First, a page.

“Fairy tales are more than true; not because they tell us that dragons exist, but because they tell us that dragons can be beaten.” — G.K. Chesterton
At the beginning of his narrative of the last decades of Imperial Russia Nicholas and Alexandra, historian Robert K Massie relates the theme of scores of Russian fairy tales: If those in distress are able to get to Moscow for an audience with the Czar, he will cure their troubles, whatever they may be, so they can live happily ever after. Given the number of “Czars” the current administration has installed in the White House, that appeared to becoming an American fairytale, with a somewhat less Kremlinesque setting, as well.
Perhaps no more.
Our high drama President Obama lost little time last week when the White House announced tours of the presidential mansion were being curtailed as a result of the Sequester. Part of the reason, I have heard, was that there were not enough Secret Service agents to provide appropriate security as a result of forced budget cuts. I suppose that may well be true seeing as that the President spends a lot of his time gallivanting around the country seeking to drum up support for his agenda. That travel, legitimately, requires an entourage of bodyguards to guard against assassins and other madmen. But is there really not enough funds to allow tours of the People’s House? Kim Strassel, Wall Street Journal columnist, believes so, and in expressing her opinion writes an entertaining essay entitled “Jumping the Sequester” in the March 8, 2013 issue.
Ms. Strassel learned that the cancellations of White House tours saves approximately $18,000 per week. That equals approximately 2 hours of operating Air Force One. She further reports that the government gave a $3700 grant to build a miniature street in West Virginia out of Legos, a $500,000 support for research on specially shampoo products for cats and dogs (I’ve shampooed my cats and can testify they won’t like it regardless of how well the product works, but then they don’t vote), and $340 million for 894 conferences last year each costing more than $100,000. The White House itself employs three calligraphers who together earn $277,000 in year. You’ll have to read the article to see the rest of the outrages.
All of this shows that the more things change the more they stay the same. It is reminiscent of the late Senator William Proxmire (1915 – 2005) efforts several decades earlier. Senator Proxmire (D-Wisconsin 1957 – 1989) instituted what he called the “Golden Fleece Awards” that demonstrated the more egregious wastes of public funds by Congress. Beginning in 1975 and continuing until he left the Senate, Proxmire announced these awards in monthly press releases. They include the following:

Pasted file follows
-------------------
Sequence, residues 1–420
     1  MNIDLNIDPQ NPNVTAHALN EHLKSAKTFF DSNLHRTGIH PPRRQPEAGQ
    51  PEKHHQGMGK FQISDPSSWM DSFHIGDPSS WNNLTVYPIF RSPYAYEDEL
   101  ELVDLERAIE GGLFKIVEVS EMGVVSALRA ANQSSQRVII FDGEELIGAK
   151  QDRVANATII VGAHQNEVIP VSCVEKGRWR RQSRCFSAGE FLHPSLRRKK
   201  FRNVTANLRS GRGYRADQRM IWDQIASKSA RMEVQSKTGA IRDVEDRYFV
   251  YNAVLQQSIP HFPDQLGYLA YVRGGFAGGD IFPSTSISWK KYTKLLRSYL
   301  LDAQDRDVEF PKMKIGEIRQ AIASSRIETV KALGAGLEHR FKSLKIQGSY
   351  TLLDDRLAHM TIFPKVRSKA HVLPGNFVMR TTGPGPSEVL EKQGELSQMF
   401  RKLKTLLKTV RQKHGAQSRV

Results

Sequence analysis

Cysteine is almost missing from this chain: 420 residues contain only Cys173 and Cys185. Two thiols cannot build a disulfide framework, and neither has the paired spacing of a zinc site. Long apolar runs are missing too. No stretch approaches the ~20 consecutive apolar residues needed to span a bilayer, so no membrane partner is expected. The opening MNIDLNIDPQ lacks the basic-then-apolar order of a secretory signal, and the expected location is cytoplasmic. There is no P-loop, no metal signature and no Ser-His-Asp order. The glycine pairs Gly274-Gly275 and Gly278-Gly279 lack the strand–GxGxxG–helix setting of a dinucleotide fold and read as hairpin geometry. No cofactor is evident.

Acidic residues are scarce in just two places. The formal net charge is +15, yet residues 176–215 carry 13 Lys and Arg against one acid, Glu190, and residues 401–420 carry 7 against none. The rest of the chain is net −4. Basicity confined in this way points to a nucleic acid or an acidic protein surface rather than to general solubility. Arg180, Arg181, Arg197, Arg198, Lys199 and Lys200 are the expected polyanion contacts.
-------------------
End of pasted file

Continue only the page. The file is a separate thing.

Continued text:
National Institute on Drug Abuse (NIDA) funded project by psychologist Harris Rubin for $121,000, on developing “some objective evidence concerning marijuana’s effect on sexual arousal by exposing groups of male pot-smokers to pornographic films and measuring their responses by means of sensors attached to their penises. (Known as plethysmographs, PPGs, or, less formally as peter-meters, See this link.
The NSF for spending $103,000 to compare aggressiveness in sun fish that drink tequila as opposed to gin.
National Institute for Mental Health for spending $97,000 to study, among other things, the social pecking order [pun intended, I suppose] in a Peruvian brothel; the researchers said they made repeated visits in the interests of accuracy. (Ya think?)
Office of Education for spending $219,592 in a “curriculum package” to teach college students how to watch television.
Unite States Department of the Army for a 1981 study on how to buy Worcestershire sauce.
United States Department of Defense for a $3,000 study to determine if people in the military should carry umbrellas in the rain. (That was a no-no when I was in the Army. Always wondered why, but not for $3,000)
United States Department of Justice for conducting a study on why prisoners want to escape.
United States Postal Service for spending over $4 million on an advertisement campaign to make Americans write more letters to one another. (This was long before e-mail and text messaging).
The list goes on and on. See it at the Wisconsin Historical Society
Though Proxmire continued his list for nearly 15 years, the only demonstrable result was proving the impossibility of shaming legislators who have influential constituents with their hands out.
There is only one reason why all this abuse continues to occur. We the people, or enough of us, don’t pay attention to what’s going on. Talk about transfer of wealth? Most of the transferees are those who get grants to do absurd research projects which turn out to be mostly pleasure trips. I suppose, however, certain Peruvian prostitutes are big fans of our Congress.
I wonder if I wonder if any of them lived happily ever.